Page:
|It’s Friday! Well, it is for me right now this afternoon in Santa Barbara, but for almost half of the planet, it’s already Saturday. As midnight sweeps around the world, a new day comes into being, and the process starts as midnight crosses an entirely arbitrary line in the Pacific – the International Date Line. Unlike 0 degrees, the line of longitude that goes through Greenwich, England, the Date Line is a very crooked boundary indeed. More or less directly opposite the Prime Meridian, it bends this way and that in order to allow various island nations and island groups to be unified on the day of the week they’re observing. There are no World Government rules about the placement of the International Date Line. If an island nation feels sufficiently strongly for reasons of trade or location to redefine the line in relation to their position, they can do it autonomously. Of course it’s not a small decision, so it doesn’t happen often or on a whim. One of the more unusual changes came at the end of the 20th century when the island group nation of Kiribati bent the line far to the east so that its easternmost island outpost would be the first to see the sun rise on the new century. Not long ago, Samoa decided to push the line to its east in order to share the same working day as Australia and New Zealand, their biggest trading partners. Tokelau also went along with them to the new day, and in the process each lost December 30, 2011. History will record that nothing whatosever happened on those islands on that day because for them, it never existed.|
Posts Tagged ‘Kiribati
At the moment, the state formerly known as Western Samoa, is a day behind both Australia and New Zealand, but relies heavily on both countries for trade. 2 business days are lost each week because of the weekend. Short notice visits to either country are made difficult because of the visa requirements. It is almost impossible to get a visa processed quickly because of the weekend overlap.
The international dateline follows the line of 180 degrees latitude, however it deviates in several places in order to avoid dividing nations including Russia, across two different days. No international agreement exists for how the dateline should run, meaning that its path is at the discretion of nations and their territories affected. International waters use the nautical dateline which runs from pole to pole, but is superceded by local time in territorial waters.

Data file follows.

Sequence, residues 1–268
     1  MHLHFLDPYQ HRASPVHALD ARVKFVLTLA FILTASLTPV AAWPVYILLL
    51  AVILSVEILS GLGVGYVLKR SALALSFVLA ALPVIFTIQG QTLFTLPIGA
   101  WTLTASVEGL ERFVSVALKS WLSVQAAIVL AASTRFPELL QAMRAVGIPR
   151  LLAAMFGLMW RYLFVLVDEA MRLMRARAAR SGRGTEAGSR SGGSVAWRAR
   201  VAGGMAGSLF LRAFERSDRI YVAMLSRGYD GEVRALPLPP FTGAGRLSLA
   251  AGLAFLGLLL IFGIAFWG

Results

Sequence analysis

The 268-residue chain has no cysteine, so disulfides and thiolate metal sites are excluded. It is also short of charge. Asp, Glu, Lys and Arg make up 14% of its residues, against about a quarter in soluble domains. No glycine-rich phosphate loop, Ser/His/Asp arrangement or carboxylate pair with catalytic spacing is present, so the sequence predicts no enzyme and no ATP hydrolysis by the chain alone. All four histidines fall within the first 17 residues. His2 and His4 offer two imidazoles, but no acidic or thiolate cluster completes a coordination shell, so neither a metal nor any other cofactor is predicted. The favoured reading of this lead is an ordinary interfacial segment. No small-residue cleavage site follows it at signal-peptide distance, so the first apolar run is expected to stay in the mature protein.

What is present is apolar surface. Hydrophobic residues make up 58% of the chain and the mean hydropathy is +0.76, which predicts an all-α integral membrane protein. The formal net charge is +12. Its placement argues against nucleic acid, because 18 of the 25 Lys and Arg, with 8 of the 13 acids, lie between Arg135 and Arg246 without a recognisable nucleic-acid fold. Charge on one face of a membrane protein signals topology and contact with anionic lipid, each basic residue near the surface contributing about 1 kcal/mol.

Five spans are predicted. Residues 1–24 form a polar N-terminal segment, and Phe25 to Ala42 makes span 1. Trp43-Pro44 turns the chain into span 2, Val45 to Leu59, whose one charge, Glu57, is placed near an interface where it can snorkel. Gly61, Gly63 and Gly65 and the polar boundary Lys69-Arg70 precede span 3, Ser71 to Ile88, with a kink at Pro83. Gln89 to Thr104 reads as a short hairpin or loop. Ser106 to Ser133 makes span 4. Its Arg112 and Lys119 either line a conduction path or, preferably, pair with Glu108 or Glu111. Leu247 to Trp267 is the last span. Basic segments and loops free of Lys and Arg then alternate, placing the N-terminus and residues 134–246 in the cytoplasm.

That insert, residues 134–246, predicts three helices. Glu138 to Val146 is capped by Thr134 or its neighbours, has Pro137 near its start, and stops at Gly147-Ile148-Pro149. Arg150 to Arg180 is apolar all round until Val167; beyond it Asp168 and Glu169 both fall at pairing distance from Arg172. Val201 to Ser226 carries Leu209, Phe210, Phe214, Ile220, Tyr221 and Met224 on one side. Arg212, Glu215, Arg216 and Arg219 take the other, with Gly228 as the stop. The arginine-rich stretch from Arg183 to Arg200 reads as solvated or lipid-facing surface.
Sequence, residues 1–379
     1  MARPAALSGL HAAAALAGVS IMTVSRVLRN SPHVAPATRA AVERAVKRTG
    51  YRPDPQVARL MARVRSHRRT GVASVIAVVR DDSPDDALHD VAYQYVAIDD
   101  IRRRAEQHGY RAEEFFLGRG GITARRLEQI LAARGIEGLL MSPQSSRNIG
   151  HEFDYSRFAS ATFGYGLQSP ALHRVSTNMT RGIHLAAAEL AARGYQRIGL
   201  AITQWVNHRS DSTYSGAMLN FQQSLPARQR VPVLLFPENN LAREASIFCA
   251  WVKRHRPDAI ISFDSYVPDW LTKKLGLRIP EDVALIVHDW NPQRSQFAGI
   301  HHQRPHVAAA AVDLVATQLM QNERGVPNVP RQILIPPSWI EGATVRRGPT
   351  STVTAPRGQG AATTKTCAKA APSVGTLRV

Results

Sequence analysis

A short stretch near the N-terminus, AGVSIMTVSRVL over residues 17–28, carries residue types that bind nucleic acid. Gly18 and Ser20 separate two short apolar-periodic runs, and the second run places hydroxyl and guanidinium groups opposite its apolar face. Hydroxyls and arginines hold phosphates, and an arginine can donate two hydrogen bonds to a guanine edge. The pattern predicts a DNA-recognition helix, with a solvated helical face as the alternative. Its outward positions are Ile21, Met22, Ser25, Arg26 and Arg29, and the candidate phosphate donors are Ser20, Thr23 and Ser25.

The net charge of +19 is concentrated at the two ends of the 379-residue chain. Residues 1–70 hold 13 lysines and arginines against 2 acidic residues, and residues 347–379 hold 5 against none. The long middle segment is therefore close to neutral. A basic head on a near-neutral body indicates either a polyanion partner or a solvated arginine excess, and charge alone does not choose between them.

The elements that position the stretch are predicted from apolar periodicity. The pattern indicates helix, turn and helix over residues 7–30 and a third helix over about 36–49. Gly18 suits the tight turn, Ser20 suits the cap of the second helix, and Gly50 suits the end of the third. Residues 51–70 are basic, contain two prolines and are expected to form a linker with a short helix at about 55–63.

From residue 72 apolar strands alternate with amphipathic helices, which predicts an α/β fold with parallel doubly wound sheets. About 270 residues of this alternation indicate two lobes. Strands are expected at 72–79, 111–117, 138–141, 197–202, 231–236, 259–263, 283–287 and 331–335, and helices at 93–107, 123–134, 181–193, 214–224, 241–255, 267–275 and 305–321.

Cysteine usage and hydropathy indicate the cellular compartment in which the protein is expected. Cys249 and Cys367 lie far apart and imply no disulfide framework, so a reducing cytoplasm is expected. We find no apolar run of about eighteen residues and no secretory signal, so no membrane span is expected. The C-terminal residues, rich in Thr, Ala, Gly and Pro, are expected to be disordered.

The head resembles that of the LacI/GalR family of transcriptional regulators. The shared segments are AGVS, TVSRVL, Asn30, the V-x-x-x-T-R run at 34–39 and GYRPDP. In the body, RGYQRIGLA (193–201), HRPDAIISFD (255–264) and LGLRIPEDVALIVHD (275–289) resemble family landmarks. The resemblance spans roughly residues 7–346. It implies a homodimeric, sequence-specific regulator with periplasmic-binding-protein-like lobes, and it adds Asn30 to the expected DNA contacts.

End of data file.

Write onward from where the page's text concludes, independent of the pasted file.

Samoan Prime Minister Tuila’epa Sailele believes there will also be a tourist spin-off from the move, with visitors able to travel between time zones in Samoa and American Samoa in less than one hour – meaning that birthdays and anniversaries could be celebrated twice. On the other hand, the Samoan village of Falealupo, traditionally regarded as the entrance to the spirit world, will no longer be renowned as the last village on earth to see the sun set each day.
Samoa previously had moved the dateline so that it could be closer to California time, under pressure from American traders back in 1892. That year saw 2 4th of Julys and no doubt the visitors celebrated twice!
Further north, the New Zealand territory of Kiribati was the last to change, in 1995. The country, a group of small islands, had recently gained independence (1979) and acquired 2 islands from the United States. It became the only nation to be divided by the dateline (it still is on most maps). Government offices in different parts of the islands only worked 4 simultaneous days each week making administration of the islands slow and inefficient. The compulsary broadcasting of Sunday Hymns, a single state broadcaster and two Sundays apparently proved too much for the population and they also shifted the dateline east, an event seemingly disregarded by most cartographers.
The change is expected to take place on 29th December 2011. That would be the first 29th December, not the second one, we believe.
Get maps for yesterday, today and tomorrow from Maps.com, now in our 20th year of exceeding expectations.
- Samoa leaps dateline: how time zones work (telegraph.co.uk)
- Samoa goes back to the future as it slips across dateline to boost economy (telegraph.co.uk)
- Samoans set to do some time travelling. (adelaidegreenporridgecafe.blogspot.com)
- Samoa Is Going Time Traveling (newser.com)